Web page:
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malcolm X and chanGe(s)…

November 2, 2011

Yesterday, on my way back from my Education Task Force meeting I was listening to an archival interview with Malcolm X. He talked about how the Nation of Islam fundamentally disagreed with the concept of integration because in the opinion of the honorable Elijah Muhammad – true and pure integration was not possible in our nation. He noted that since we are living in a nation where the ancestors of black people in this country were worked seven days a week for 310 years without pay are living side by side by the ancestors of the white people in this country who enslaved them and chose not to pay them – true equality could never be achieved. He went on to add that he believes that for the next 200 years, the so-called black man will never be free and will continue to have to beg the so-called white man for a room at the inn.

As I sat in my car and listened I was struck by how much the world had changed since Malcolm X lived and how much it has actually stayed the same. My meeting was held at the Reginald F. Lewis Museum for Maryland African American History and Culture (Museum), which was built with monies donated by Reginald F. Lewis, America’s first black billionaire. In 1965, a couple of months after Malcolm X was assassinated, Lewis was invited to attend Harvard Law School, becoming the first student in the148-year history of the school to be admitted before applying. While history was being made through the Civil Rights Movement and the Nation of Islam, Lewis was making history as well by entering into the closed boardrooms where very few people of color were allowed to tread and equally participate. And yet, the name of Reginald F. Lewis is not taught in traditional American history classes. During my meeting, I sat at a table with five other PhDs – black men and women who work as deans, chairs, and chancellors at historically white institutions. I left that meeting in that museum excited about the next steps in educating the young boys and girls of Baltimore until I listened to Malcolm X and his version of the current and future state of black and white America. He argued that black people either needed to go and live in another land or be given a state here in America that they could call their own. I am not sure if either of those solutions was viable at that time and I am fairly certain that they are not viable in the current America. Should black people really have to leave America to be free? Do we really need to establish a “black” state so that we can experience true equality?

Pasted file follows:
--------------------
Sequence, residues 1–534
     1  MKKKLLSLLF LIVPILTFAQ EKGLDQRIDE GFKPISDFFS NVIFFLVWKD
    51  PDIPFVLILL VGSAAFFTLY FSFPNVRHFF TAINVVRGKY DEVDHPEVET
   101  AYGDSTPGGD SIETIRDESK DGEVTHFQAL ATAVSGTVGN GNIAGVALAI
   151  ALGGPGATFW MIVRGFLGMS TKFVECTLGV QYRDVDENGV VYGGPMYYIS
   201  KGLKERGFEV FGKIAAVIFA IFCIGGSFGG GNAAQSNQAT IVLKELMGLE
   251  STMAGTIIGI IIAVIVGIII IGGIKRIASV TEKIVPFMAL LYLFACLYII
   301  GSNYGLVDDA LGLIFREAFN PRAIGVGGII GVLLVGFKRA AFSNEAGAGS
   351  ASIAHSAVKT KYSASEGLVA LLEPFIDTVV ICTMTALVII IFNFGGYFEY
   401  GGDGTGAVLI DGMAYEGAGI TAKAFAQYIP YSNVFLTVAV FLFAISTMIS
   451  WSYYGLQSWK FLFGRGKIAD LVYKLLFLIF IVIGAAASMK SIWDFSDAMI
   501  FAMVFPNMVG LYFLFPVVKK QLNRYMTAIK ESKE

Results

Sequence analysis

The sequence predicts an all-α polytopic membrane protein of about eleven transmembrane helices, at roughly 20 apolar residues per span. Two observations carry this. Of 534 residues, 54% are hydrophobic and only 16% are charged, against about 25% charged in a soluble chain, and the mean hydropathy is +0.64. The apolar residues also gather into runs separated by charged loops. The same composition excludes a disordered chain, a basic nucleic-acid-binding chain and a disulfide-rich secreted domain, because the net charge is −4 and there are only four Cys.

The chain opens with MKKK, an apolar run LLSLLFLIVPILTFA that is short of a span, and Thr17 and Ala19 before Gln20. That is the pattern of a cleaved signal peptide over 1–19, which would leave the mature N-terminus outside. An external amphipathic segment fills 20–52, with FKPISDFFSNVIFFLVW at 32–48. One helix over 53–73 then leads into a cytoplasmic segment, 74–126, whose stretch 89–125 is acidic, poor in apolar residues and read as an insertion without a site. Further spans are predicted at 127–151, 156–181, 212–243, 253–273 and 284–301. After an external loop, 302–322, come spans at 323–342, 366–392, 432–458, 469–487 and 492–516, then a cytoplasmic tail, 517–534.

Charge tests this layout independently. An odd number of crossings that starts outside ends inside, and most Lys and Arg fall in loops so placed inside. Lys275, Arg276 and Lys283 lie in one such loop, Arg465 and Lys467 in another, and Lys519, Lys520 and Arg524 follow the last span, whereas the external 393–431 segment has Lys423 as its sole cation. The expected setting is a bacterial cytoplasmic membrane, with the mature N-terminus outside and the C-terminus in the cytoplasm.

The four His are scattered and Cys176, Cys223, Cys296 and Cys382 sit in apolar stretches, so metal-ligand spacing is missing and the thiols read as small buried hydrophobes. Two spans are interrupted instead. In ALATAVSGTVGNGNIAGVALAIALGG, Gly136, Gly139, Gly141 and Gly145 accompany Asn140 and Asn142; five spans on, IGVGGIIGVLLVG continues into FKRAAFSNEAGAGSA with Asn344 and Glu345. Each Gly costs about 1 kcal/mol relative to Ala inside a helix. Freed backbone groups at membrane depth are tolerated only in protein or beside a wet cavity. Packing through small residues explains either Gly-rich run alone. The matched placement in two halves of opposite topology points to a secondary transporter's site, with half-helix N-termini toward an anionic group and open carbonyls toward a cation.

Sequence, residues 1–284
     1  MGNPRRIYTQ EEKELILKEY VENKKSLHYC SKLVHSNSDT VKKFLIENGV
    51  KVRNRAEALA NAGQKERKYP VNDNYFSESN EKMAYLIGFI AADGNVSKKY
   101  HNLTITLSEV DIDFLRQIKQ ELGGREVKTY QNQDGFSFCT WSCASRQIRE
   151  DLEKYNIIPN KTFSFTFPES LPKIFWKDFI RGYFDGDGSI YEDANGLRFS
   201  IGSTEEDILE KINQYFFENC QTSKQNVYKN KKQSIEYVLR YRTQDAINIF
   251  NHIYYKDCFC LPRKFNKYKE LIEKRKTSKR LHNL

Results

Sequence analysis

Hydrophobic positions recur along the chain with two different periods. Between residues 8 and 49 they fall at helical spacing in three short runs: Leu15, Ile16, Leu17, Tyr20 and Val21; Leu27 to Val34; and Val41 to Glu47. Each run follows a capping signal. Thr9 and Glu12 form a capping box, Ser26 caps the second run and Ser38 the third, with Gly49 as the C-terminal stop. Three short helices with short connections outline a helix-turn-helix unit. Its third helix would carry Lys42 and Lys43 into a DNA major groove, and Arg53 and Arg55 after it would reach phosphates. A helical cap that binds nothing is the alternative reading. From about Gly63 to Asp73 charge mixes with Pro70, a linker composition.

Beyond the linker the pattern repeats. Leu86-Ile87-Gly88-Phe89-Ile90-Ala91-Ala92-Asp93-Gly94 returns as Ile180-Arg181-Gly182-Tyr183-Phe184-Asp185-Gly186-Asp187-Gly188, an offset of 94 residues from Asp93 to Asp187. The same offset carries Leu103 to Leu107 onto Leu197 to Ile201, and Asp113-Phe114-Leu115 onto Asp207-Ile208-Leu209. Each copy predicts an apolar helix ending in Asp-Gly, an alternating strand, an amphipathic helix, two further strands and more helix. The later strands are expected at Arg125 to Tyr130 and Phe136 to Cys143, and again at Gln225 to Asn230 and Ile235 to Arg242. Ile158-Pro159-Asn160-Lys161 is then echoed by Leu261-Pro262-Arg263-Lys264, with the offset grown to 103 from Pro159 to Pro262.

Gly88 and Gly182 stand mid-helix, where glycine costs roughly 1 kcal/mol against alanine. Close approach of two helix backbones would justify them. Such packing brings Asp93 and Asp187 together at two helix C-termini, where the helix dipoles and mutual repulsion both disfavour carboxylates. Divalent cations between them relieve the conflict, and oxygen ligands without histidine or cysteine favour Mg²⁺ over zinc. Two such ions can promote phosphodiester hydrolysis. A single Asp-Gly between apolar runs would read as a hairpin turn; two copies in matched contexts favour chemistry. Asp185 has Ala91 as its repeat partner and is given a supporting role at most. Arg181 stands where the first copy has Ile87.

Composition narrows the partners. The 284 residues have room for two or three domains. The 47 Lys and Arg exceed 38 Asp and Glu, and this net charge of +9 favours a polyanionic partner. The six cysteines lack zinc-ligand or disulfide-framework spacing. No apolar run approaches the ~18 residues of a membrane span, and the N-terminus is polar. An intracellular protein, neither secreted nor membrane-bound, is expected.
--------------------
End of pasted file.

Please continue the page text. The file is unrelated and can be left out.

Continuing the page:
Hmm…I tend to believe that a better solution is to continue to work through the difficulties and try to come up with solutions. We should continue to force the discussions rather than assuming that since we have a president of color then racial tensions have ended. We must open up the discussions and talk about race and class rather than race or class. I tell you – there is nothing like a little dose of American history and reality to drag down the day.

While driving back up town from the Museum, I passed through neighborhoods where people are struggling just to get from one day to the next; I passed by schools that don’t have heat or new books or computers; and I passed the Occupy Baltimore protest where men and women who are temporarily experiencing homelessness are taking up residence alongside the protestors. These are issues that transcend race that must be discussed alongside discussions about race

We have come so far and at the same time, we have so much farther to go. In a nation where we still struggle to understand, talk about, and transcend race/class&gender, it is hard to be upbeat when you feel like the weight of the world is sitting on your shoulders. We are going to talk about it in my Stereotypes class today…because I believe that talking about is the first step in trying to figure out what to do about it. change/someday/is/possIble…

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